Volume 16 • Issue 31 | December 30 - January 8, 2004

First private school to open Downtown in 2005

By Elizabeth O’Brien

An educational entrepreneur has decided to invest in Wall Street with the creation of a new private school for grades kindergarten through eight across from the New York Stock Exchange.

Michael Koffler, president and C.E.O. of MetSchools, Inc., plans to open Claremont Preparatory School at 41 Broad St. in the fall of 2005. MetSchools, Inc. currently operates seven nursery schools in Manhattan, Brooklyn and Queens, and Koffler said parents helped him realize the need for more elementary and middle school options.

Koffler presented plans for the school last week at a meeting of the youth and education committee of Community Board 1.

“Ambitious project—it’s a great idea,” said Bob Townley, a member of C.B. 1 and the director of Manhattan Youth, a nonprofit organization that runs after-school programs Downtown.

The nine-story building at 41 Broad St. will accommodate 1,000 children in kindergarten through eighth grades, Koffler said. There will be 400 students in grades K through 5 and 600 in grades 6, 7 and 8, and the school will open with all grades in place. Elementary school students are guaranteed a spot in the upper grades if they chose to continue at Claremont, Koffler added.

Admission is scheduled to begin in September, 2004. Younger grade applicants must take an E.R.B., or Educational Records Bureau, exam, and all applicants will interview with educational professionals.

Claremont Preparatory School will serve children who are functioning at grade level, although small class sizes will allow teachers to give extra attention to students who may need reinforcement, Koffler said. The curriculum will take advantage of the community’s resources, with trips to Downtown museums and even a sailing program planned as part of the instructional offerings.

MetSchools has secured adequate funding for the new school, Koffler said. Tuition will be comparable to other private schools in the city, or about $22,500 annually. There will be some scholarships available, Koffler said.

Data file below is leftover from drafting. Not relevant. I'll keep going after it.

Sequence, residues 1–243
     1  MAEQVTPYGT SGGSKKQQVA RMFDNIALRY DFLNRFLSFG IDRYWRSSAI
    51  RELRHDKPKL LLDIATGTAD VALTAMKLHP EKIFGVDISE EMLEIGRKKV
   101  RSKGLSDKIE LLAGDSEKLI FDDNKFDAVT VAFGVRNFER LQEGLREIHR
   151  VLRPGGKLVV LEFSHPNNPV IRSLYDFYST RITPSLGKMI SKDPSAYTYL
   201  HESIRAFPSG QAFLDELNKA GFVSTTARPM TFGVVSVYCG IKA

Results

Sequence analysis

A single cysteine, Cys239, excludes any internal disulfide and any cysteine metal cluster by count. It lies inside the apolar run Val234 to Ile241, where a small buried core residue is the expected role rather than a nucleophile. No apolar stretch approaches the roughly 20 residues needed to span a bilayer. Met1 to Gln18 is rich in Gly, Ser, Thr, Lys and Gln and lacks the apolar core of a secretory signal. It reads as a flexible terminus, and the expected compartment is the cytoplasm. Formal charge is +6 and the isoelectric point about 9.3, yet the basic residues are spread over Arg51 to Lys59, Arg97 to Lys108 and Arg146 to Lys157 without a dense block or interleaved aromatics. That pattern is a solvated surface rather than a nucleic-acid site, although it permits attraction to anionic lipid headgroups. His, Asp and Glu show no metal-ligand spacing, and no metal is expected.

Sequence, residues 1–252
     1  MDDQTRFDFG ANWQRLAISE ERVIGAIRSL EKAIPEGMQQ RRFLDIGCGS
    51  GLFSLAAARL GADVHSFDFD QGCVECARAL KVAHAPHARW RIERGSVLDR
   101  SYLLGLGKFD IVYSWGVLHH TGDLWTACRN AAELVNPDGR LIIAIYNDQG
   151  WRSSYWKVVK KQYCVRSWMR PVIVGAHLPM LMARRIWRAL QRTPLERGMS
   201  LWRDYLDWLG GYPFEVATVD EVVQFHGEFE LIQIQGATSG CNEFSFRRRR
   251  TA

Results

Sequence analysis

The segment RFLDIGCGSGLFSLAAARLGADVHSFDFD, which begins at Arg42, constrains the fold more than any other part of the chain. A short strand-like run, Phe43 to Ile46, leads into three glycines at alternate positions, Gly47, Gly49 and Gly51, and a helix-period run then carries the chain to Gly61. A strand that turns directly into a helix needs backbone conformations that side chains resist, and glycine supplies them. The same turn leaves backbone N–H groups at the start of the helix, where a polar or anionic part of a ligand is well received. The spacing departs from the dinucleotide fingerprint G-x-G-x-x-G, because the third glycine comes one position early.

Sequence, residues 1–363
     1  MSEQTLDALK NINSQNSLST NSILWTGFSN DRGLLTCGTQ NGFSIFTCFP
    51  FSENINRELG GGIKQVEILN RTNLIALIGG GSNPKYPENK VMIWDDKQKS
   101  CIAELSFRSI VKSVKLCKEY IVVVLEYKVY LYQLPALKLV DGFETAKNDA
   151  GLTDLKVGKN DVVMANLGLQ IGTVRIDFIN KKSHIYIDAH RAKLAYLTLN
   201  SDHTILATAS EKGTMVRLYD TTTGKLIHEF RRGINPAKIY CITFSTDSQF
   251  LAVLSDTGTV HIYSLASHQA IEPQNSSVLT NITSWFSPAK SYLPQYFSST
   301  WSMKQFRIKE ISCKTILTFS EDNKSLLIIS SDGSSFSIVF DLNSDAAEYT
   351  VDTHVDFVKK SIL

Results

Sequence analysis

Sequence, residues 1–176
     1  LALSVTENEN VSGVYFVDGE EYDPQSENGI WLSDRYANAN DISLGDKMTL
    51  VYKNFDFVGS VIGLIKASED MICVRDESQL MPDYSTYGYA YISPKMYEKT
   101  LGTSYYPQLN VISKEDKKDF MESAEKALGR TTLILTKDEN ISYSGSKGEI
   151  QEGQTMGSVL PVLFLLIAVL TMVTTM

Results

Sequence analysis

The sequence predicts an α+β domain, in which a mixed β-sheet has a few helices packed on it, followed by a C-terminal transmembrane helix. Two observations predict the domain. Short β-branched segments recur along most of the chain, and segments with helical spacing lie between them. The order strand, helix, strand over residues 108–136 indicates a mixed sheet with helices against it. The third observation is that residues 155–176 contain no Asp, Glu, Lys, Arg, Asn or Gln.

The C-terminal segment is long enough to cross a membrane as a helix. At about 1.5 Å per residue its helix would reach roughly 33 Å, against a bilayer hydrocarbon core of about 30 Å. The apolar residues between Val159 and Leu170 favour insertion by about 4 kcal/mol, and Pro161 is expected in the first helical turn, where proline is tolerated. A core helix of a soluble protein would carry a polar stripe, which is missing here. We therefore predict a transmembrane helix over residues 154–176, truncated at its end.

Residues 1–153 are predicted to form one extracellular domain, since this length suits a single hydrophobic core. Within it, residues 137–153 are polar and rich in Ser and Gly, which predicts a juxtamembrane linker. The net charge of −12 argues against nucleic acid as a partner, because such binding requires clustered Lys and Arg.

When Koffler first came before the community board last summer, he named 23 Wall St., the former JP Morgan building directly across from the stock exchange, as the tentative location of his new school. The current spot is preferable, Koffler said last week, because it is down the street from the exchange and thus slightly removed from its tight security.

Even so, some board members have expressed concerns about a school so close to a potential terrorist target. Koffler said that school buses would be able to pull directly up to the school.

“There are some serious security issues with this,” said Joel Kopel, a member of C.B. 1’s youth and education committee, in a telephone interview. He said buses could be vulnerable to suicide bombers, as they are in Israel, and such an attack could do irreparable harm to the students and their surroundings.

“This is an accident or a disaster waiting to happen,” Kopel said.

Koffler said he met with Captain Michael Hurley, commanding officer of the First Police Precinct, to discuss security at the school. Officials at the First Precinct did not return calls for comment by press time.

Claremont will likely be the first private school in the immediate area of the stock exchange. Last fall, the public Millennium High School opened down the street at 75 Broad St.

As of last summer, there were no private schools accredited with the New York State Association of Independent Schools located south of Canal St. Claremont will be run as a for-profit institution and thus will not be accredited as an independent school, Koffler said, but it will have to comply with state and city regulations.

Koffler said he had considered Lower Manhattan as a location for a new school before Sept. 11, 2001. After the terror attacks, he felt that continuing with his plans would help revitalize the area.

Koffler said he expected to sign the lease for 41 Broad St. the week of Jan. 5.



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